Soviet–Japanese Basic Convention
JAPAN and the UNION OF SOVIET SOCIALIST REPUBLICS, desiring to promote relations of good neighbourhood and economic co-operation between them, have resolved to conclude a Convention embodying basic rules in regulation of such relations and, to that end, have appointed as their Plenipotentiaries, that is to say :
His MAJESTY THE EMPEROR OF JAPAN :
Kenkichi YOSHIZAWA, Envoy Extraordinary and Minister Plenipotentiary to the Republic of China, Jushii, a member of the First Class of the Imperial Order of the Sacred Treasure ;
THE CENTRAL EXECUTIVE COMMITTEE OF THE UNION OF SOVIET SOCIALIST REPUBLICS :
Lev Mikhailovitch KARAKHAN, Ambassador to the Republic of China ;
Who, having communicated to each other their respective full powers, found to be in good and due form, have agreed as follows :
The High Contracting Parties agree that, with the coming into force of the present Convention, diplomatic and consular relations shall be established between them.
The Union of Soviet Socialist Republics agrees that the Treaty 2 of Portsmouth of September 5th, 1905, shall remain in full force.
It is agreed that the Treaties, Conventions and Agreements, other than the said Treaty of Portsmouth, which were concluded between Japan and Russia prior to November 7, 1917, shall be re-examined at a Conference to be subsequently held between the Governments of the High Contracting Parties and are liable to revision or annulment as altered circumstances may require.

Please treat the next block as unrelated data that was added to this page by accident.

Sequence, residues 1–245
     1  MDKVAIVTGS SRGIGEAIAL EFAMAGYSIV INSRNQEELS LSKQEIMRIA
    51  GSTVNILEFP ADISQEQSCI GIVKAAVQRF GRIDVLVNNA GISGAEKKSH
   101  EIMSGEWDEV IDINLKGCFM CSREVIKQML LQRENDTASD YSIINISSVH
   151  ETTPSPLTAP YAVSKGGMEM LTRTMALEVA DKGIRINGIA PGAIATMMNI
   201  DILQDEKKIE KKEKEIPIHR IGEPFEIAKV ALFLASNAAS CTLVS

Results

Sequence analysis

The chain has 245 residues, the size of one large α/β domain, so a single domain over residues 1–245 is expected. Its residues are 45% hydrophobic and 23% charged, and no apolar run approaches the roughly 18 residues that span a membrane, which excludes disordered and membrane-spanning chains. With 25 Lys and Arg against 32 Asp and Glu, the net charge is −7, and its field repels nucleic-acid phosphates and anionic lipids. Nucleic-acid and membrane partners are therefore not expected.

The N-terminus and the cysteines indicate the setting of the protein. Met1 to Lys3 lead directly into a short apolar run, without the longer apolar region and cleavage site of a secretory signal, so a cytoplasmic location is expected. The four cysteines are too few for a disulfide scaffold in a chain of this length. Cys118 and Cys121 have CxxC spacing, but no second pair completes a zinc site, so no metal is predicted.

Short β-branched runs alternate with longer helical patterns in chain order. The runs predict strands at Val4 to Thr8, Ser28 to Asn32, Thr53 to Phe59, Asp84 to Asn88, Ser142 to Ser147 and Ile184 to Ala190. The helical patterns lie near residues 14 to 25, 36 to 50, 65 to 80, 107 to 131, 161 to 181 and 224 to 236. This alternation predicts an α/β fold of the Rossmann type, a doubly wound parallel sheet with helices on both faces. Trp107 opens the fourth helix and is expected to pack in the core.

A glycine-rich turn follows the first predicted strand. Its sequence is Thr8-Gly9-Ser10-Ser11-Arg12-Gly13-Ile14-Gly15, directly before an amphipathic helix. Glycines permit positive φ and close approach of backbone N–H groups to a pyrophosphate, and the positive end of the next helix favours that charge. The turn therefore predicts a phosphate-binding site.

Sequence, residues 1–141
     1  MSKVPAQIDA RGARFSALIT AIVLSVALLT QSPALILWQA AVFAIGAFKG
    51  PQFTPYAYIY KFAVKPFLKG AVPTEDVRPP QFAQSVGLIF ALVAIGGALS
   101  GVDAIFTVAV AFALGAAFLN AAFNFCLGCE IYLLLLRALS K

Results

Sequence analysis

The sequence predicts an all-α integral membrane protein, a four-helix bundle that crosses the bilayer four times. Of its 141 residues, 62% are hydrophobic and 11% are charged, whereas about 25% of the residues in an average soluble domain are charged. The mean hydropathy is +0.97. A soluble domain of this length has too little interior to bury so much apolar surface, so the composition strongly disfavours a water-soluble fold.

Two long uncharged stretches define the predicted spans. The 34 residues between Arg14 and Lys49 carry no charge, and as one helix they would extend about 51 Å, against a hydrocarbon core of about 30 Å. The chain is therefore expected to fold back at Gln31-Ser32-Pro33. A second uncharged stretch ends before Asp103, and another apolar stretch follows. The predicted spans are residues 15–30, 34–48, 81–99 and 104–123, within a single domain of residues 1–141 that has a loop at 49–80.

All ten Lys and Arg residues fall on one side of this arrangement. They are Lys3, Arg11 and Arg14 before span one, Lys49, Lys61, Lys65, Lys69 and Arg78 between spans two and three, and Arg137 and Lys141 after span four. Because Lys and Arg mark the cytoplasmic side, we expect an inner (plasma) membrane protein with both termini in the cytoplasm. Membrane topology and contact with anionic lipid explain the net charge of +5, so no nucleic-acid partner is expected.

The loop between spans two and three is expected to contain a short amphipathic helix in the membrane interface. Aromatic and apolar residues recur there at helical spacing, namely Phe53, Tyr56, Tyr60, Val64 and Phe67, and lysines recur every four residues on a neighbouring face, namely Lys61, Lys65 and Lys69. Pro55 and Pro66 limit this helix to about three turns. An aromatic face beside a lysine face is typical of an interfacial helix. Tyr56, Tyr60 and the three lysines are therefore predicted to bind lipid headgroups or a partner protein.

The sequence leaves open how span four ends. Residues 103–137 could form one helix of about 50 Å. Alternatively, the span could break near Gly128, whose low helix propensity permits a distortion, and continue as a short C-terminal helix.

The Governments of the High Contracting Parties agree that, upon the coming into force of the present Convention, they shall proceed to the revision of the Fishery Convention of 1907, taking into consideration such changes as may have taken place in the general conditions since the conclusion of the said Fishery Convention.
Pending the conclusion of a convention so revised, the Government of the Union of Soviet Socialist Republics shall maintain the practices established in 1924 relating to the lease of fishery lots to Japanese subjects.
The Governments of the High Contracting Parties agree that, upon the coming into force of the present Convention, they shall proceed to the conclusion of a treaty of commerce and navigation in conformity with the principles hereunder mentioned, and that, pending the conclusion of such a treaty, the general intercourse between the two countries shall be regulated by those principles.
(1) The subjects or citizens of each of the High Contracting Parties shall, in accordance with the laws of the country : (a) have full liberty to enter, travel and reside in the territories of the other, and (b) enjoy constant and complete protection for the safety of their lives and property.
(2) Each of the High Contracting Parties shall, in accordance with the laws of the country, accord in its territories to the subjects or citizens of the other, to the widest possible extent and on condition of reciprocity, the right of private ownership and the liberty to engage in commerce, navigation, industries and other peaceful pursuits.